- The Washington Times - Thursday, September 13, 2001

ASSOCIATED PRESS

Approximately 190 people perished in the terrorist attack on the Pentagon, a senior defense official said today.

The death toll, which includes the passengers aboard the airliner that slammed into the building, was the first official estimate by the Pentagon. The official, who discussed the matter on condition of anonymity, stressed that the figure of 190 was preliminary.

The Army suffered the largest losses, totaling more than 70 people, and the Navy lost more than 40 people, the official said. The Marine Corps and the Air Force believe they suffered no personnel losses.

The Defense Intelligence Agency lost about seven people, the official said. Some private contract workers also were killed.

American Airlines says the hijacked plane was carrying 64 people, including crew, when it barreled into the Pentagon Tuesday.

As of this morning, about 70 bodies had been removed from the buckled section of the Pentagon as search-and-rescue workers toiled around the clock with little hope of finding more survivors.

FBI crews worked side-by-side, looking for evidence and making their way toward the flight-data and voice recorders of the commercial jetliner that was hijacked by terrorists slammed into the Pentagon Tuesday.

“We're making inroads into the impact area foot by foot now,'' Fairfax County Capt. Jerry Roussillon said today after search and rescue teams worked through the night stabilizing the damaged parts of the building.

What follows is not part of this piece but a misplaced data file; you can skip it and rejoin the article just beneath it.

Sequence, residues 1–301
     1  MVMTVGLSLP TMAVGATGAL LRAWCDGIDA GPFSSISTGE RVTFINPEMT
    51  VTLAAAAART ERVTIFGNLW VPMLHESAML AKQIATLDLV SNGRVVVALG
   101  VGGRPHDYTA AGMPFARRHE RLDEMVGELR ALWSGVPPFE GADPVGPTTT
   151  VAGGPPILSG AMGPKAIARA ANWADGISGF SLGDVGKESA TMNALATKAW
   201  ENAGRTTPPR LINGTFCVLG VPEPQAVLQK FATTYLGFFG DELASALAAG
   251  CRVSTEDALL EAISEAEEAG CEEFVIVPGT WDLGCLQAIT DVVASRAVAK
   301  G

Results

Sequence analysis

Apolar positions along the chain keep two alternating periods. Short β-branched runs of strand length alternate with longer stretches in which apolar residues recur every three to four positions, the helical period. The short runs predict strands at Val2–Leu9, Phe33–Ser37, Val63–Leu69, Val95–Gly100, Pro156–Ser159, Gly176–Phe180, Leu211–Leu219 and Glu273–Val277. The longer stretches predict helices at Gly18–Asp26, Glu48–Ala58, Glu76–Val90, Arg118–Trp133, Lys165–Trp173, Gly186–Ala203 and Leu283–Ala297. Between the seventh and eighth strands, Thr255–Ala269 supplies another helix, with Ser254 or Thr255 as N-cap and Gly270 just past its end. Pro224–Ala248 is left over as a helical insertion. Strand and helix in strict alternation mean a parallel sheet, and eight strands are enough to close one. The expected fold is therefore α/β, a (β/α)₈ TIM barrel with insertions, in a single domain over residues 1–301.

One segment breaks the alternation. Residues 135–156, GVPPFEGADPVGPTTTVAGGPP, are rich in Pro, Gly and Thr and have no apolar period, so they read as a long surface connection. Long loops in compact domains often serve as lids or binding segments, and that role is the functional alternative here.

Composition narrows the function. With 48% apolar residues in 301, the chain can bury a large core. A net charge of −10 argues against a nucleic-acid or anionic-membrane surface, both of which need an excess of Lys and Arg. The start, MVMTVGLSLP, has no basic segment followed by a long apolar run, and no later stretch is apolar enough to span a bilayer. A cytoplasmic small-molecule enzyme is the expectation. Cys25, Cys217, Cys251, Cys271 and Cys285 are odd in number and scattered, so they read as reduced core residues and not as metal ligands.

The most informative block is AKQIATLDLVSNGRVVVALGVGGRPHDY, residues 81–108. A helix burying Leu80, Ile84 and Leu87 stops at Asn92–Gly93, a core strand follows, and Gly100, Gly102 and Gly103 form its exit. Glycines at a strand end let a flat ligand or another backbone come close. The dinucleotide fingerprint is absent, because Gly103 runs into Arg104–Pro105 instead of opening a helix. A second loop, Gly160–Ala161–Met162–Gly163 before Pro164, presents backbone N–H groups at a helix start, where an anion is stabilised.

The workers were evacuated this morning for about one hour following a telephoned bomb threat, U.S. officials said.

A nonspecific telephone threat about a bomb forced the evacuation of the rescue workers and law enforcement officials, Pentagon and FBI spokesmen said. The call came some time before 6 a.m. EDT.

The FBI received the threat and “to be cautious'' pulled out its people and everyone working in the area, a law enforcement official said.

Search-and-rescue workers were shoring up unstable areas around the impact site and were hoping to be able to enter that area later Thursday to search for more remains as well as the airplane's recorders.

The military services said about 150 people mostly Army soldiers were unaccounted for, along with 64 passengers and crew from the plane. Defense Secretary Donald H. Rumsfeld said an earlier estimate by fire officials of as many as 800 dead was too high.


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